Several months late, or a week early, depending on how you look at it, Blackfriars tube station unexpectedly opened to the public this morning.

Closed in March 2009, it was supposed to open in late 2011, then a press release suggested it would open in February, but just yesterday, the TfL journey planner was suggesting it would stay closed until next Sunday. The usually informative Thameslink email newsletter was silent on the matter, and they usually tell you in advance if things are due to happen at Blackfriars.

It opened this morning, in a flurry of last minute alerts and press releases, so I took a wander along at lunchtime to see what it is like.

Superficially, if you are whizzing though on a train and don’t use the station, then apart from looking cleaner, you might struggle to understand what the delay was for.

This is a refurbishment that is visible to people who use the station – and maybe if you know what to look for, it’s a huge structural change.

Blackfriars station platforms

What most people wont notice though is that the roof of the station above the tracks is brand new – the whole thing is a new concrete raft that was erected over the lines while they were still running. That was necessary as the new ticket hall now sits on top of the tracks.

The new roof

This also allows for what is above ground, probably the most striking aspect of the build, but is almost impossible to see below ground – a giant ventilation shaft.

I say almost impossible – it’s quite noticeable by the platform exits if you peer upwards above the tracks (without actually leaning into the path of trains). But only if you know to look for it.

The bottom of the ventelation shaft

The biggest change for people who remember the old cramped access to the platforms though is in the, well, the access to the platforms.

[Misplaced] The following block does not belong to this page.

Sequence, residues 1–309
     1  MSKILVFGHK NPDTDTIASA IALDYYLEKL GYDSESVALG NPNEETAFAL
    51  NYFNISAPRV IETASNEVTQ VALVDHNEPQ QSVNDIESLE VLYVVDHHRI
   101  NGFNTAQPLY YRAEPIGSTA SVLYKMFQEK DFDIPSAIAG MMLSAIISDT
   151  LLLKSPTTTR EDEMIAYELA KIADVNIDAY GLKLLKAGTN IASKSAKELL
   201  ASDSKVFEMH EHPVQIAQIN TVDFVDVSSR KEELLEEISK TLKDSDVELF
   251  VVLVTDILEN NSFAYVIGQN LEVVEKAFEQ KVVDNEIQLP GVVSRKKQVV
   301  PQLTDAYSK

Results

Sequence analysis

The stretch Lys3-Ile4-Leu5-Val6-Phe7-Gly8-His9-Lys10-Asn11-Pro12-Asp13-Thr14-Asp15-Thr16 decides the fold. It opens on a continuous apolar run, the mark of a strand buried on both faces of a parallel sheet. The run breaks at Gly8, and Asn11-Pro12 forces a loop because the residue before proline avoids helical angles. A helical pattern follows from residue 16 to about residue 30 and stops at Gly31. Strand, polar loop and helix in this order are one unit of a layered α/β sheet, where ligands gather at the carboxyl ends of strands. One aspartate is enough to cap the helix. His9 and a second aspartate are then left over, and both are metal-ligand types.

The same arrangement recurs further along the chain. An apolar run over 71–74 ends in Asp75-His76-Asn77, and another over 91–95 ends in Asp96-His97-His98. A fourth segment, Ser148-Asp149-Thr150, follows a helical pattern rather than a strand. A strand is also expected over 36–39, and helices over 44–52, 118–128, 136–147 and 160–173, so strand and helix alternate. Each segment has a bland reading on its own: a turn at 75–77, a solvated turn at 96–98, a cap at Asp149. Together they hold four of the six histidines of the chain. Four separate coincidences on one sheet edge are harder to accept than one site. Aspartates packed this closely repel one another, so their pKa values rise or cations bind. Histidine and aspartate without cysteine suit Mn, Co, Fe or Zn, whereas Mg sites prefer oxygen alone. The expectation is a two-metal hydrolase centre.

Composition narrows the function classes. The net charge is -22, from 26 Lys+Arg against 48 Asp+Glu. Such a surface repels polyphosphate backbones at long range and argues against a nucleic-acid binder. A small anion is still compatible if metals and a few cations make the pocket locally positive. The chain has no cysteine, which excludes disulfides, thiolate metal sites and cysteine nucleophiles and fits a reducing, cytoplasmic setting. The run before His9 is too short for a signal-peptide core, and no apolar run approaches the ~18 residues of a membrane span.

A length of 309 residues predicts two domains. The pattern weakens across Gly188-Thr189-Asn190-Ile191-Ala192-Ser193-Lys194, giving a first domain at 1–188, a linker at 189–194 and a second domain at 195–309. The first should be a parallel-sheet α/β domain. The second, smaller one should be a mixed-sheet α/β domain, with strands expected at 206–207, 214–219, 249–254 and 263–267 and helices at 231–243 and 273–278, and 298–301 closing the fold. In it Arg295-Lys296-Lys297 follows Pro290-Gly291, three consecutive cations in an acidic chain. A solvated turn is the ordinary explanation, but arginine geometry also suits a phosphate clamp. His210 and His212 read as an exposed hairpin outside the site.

Each side is a mirror image of the other, with a very generous two escalators and two flights of stairs on either platform. Rather cleverly I think, as you approach the platform from the escalators, there are windows in the walls so people have a momentary glimpse of the platform. At an almost subconscious level, I expect that will cause people to modify how they approach the platform itself.

Leading to the platforms

At ticket hall level, lots of ticket barriers, but very few ticket sales points. They seem to be adopting a staff-light design based on most users being commuters with Oyster cards. A new control room will keep an eye on things.

Up here though, and despite the effort put into the grand glass frontage, I am sure it is the giant blue ventilation shaft that will be most noticed by users.

New ticket hall and entrance

Despite the scattering of tube maps in trains that show the station closed or open, you’d think a regional rail map at the station itself would be up to date.

Train map on the platforms

To get an appreciation of the construction work – especially the new concrete raft over the tracks and the boxes cut for the new stairs/escalators, Network Rail have this timelapse video.

And finally.

I couldn’t resist the opportunity to catch this old tube roundel in front of the lovely Blackfriar’s pub opposite the station. Seemed appropriate.

Old blackfriar and tube sign


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  1. Lara says:

    Do you have an iPad? How do you blog so quickly after taking the photos?

    Ta. 🙂

  2. Mandaliet says:

    Outstanding! I thought that London Reconnections would have been first to document this, but I should have known it would be you.

  3. david says:

    It was intended to be a “soft” opening to test capacity and make sure everything is working before opening officially.
    That’s why there was no official announcement and maps weren’t completely updated.

    The official open date is still in a few weeks time.

  4. Michelle says:

    Luckily I didn’t have earphones in this morning and caught the annoncement that the train would be stopping at Blackfriers. 5 minutes has now been shaved of my journey, yay! 🙂

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